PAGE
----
Can someone plz explain how the government’s takeover of Freddie Mac and Fannie Mae affects the credit default swap market? thx.
The takeover will result in a conservatorship, which allows parties to trigger both senior and subordinated Fannie Mae and Freddie Mac CDS. Conservatorship is part of the definition of a CDS Bankruptcy Credit Event, even without an actual bankruptcy filing. If you look at where the bonds are trading right now, the final recovery rate will be very close to 100%. However, all MTM gains/losses on the CDS will be wiped out because of the credit event.
In relation to the wipe out of MTM gains/losses… I read an awesome example: I buy FRE sub CDS, 5y, at 50bps in $100mm, a while back. Nice trade, since it then widens to 250bps, where I sell it in $100mm. What’s my profit? Well, its 200bps a year for the next 5 years, discounted at the risky rate. 200bps = 2%, and lets say 5 years worth of that is worth 8% (not 10%, as we’re discounting those future cashflows). SO…my P+L is showing up 8% of $100mm = $8mm. Great, nice trade. EXCEPT…along comes todays event, CDS triggers, but bonds are all above par. So the PAR - RECOVERY payout (ie. getting paid 100 in exchange for “defaulted” bonds) is zero, BUT all the CDS contracts stop paying the premiums. So now I have received no payments, but my CDS trade where I was paying 50bps has gone away, AND the CDS trade where I was receiving 250bps has also gone away, so now my P+L is zero. Unfortunately, I’d already taken my $8mm P+L, so what this means to day is that I’ve just LOST $8mm, and that was from trading well apparently!!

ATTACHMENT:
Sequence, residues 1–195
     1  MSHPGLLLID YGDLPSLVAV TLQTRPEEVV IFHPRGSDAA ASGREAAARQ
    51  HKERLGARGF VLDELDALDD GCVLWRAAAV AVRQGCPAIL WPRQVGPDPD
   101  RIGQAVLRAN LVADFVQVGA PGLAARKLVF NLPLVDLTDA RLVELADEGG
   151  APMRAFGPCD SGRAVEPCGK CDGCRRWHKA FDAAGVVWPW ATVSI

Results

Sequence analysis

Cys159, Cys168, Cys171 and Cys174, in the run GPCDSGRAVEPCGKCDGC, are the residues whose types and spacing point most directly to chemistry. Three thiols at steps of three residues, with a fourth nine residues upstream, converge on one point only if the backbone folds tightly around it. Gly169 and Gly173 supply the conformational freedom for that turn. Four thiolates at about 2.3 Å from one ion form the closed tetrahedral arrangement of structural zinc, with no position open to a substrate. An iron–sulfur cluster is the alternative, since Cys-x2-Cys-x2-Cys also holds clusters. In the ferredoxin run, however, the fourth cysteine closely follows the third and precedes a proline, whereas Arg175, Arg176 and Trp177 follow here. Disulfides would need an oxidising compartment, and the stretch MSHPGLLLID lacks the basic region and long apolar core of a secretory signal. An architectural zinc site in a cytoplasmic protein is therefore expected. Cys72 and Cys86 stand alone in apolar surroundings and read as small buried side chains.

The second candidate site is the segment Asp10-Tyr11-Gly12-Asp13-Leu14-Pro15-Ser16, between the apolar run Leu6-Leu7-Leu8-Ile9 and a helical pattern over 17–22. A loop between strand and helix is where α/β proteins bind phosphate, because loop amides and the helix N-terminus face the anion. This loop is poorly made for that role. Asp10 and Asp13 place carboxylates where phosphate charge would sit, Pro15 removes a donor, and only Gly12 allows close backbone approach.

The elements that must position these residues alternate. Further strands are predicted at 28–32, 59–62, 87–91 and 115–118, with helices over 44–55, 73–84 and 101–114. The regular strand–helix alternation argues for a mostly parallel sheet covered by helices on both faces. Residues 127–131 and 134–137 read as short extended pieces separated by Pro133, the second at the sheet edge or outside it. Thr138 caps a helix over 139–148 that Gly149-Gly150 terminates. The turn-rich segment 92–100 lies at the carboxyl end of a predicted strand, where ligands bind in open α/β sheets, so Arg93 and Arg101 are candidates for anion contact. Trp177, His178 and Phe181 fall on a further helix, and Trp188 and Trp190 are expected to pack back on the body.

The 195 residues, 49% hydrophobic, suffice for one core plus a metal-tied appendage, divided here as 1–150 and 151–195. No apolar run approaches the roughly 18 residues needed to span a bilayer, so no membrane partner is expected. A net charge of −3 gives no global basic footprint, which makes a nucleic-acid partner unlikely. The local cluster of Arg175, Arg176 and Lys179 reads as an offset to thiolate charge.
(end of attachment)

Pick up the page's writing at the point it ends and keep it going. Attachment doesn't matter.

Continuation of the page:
right but most likely if you wanted to monetize your profit when the cds widened to 250 you would have a dealer unwind you as opposed to entering the offsetting trade (this is typical in the market), so the dealer pays you the PV of the risky annuity. So really it is the dealer left holding the jump-to-default risk, which he would probably hedge by buying short-dated FRE protection. BUT, as you point out the dealer would likely size the hedge based on a 40% recovery rate assumption and therefore is significantly under-hedged following the credit event with the auction expected to settle in the high 90s. Only point I guess I’m making is that the bulk of this risk is probably resting with dealers as opposed to investors (although no one really knows stuff like that for sure). The implication is this could affect the ability of investors to unwind CDS trades with dealers in the future as the street, wary following their painful experience here, forces investors to accept payouts below fair value. (they can hedge this recovery rate risk in the recovery lock market, but I don’t think that is current market practice so if it becomes common it’s another cost that will likely be passed to investors). This is fascinating event in the CDS markets no matter how you look at it.